Wednesday 21 February 2018

First look: Is Netflix crime doc series The Keepers the new Making a Murderer?

Aoife Kelly

Aoife Kelly

Following the success of Making a Murderer, Netflix is releasing another crime series documentary which may prove just as compelling for viewers.

The Keepers is a seven part series about the unsolved murder of a Catholic nun in Baltimore in 1969.

Sister Cathy Cesnik was a beloved high school teacher who went missing on November 7 that year and whose body was found two months later.

Nobody has ever been charged with her murder even though there have been developments in the case since then.

In the 1990s one of Sister Cathy's former students, known only as 'Jane Doe', came forward to share her experience of horrendous sexual ab use by the high school's chaplain.

She also revealed that she was taken to see Sister Cathy's undiscovered body and was told, 'See what happens when you say bad things about people.'

Despite this claim and testimony from other victims and witnesses of abuse, nobody has ever been held accountable and the story was largely unreported outside of Baltimore.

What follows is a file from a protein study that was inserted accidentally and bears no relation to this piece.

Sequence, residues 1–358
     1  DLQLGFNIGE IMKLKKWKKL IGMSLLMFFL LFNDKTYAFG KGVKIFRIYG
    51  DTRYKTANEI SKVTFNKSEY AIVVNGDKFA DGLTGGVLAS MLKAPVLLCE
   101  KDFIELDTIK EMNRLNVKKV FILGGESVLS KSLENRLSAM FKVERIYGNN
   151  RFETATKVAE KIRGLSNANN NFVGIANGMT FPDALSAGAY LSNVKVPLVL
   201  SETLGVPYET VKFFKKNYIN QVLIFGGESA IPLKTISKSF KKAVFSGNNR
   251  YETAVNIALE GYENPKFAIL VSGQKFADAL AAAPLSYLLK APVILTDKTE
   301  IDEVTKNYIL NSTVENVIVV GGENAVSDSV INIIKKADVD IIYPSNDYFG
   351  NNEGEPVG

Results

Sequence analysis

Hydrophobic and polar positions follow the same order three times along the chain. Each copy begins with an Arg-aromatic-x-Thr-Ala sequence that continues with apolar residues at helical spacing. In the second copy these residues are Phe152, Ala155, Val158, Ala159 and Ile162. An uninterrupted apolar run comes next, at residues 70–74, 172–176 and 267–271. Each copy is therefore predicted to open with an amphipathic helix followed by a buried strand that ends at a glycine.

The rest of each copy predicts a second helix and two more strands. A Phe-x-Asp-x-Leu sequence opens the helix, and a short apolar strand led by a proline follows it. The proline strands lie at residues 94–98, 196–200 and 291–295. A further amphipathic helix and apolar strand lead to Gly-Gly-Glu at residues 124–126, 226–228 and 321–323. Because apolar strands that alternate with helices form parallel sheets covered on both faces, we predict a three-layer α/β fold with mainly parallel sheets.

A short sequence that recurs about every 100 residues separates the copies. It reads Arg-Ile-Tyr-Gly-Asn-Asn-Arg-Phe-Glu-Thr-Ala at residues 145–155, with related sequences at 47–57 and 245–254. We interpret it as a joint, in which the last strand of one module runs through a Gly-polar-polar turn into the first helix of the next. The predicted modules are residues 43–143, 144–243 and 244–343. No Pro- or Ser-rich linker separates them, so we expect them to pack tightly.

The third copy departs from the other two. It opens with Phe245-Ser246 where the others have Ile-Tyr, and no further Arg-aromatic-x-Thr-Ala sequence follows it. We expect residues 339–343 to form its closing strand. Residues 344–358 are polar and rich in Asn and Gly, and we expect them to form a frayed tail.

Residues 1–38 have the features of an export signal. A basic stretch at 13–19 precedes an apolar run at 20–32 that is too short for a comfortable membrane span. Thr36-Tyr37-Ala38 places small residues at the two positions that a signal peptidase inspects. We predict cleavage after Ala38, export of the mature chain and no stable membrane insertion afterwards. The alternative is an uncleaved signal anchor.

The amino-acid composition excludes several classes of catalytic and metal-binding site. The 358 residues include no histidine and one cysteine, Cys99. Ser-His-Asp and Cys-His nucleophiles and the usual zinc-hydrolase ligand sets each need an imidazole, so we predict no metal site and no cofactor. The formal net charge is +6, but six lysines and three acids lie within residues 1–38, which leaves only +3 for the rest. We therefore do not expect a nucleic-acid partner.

In The Keepers director Ryan White goes beyond the murder of the nun and uncovers clergy abuse, repressed memories and government and religious institutions that he says “at best, dropped the ball over the last 45 years – and, at worst, covered it up.”

"We never set out in making this to solve a murder," he adds.  "But what has happened through making it is it has drawn people out in a way that wouldn't have happened if there wasn't going to be such a scrutiny or risk of exposure."

His footage includes candid conversations with 'Jane Doe' about about what really happened behind closed doors at Archbishop Keough High School.

“From the moment I met her, I was devoted to bringing this story to light, because I believed it,” White says. “I believe she can have a true impact in the world, and I believe she’s been deprived of that because of how her story’s been buried by many people in many institutions.”

White also speaks with Gemma Hoskins and Abbie Schaub, two of Sister Cathy’s former students. Now retired and in their 60s, Hoskins and Schaub have spent years investigating what happened after their favorite English teacher disappeared 47 years ago.

“Gemma’s probably the biggest embodiment of that (person) who will stop at nothing,” White says. “She can strike up a conversation with anyone and can charm the hell out of anyone, but she can also use that to her advantage to expose the truth.”

He adds, “My hope in making this series is that we open up the conversation around what happened tothese children,” White says. “The ones that survived are now adults, but it’s not too late to (talk) about what happened to them, why it happened, why it was never exposed and to make sure that it stops happening in the future.”

All seven hour-long episodes will land on May 19.

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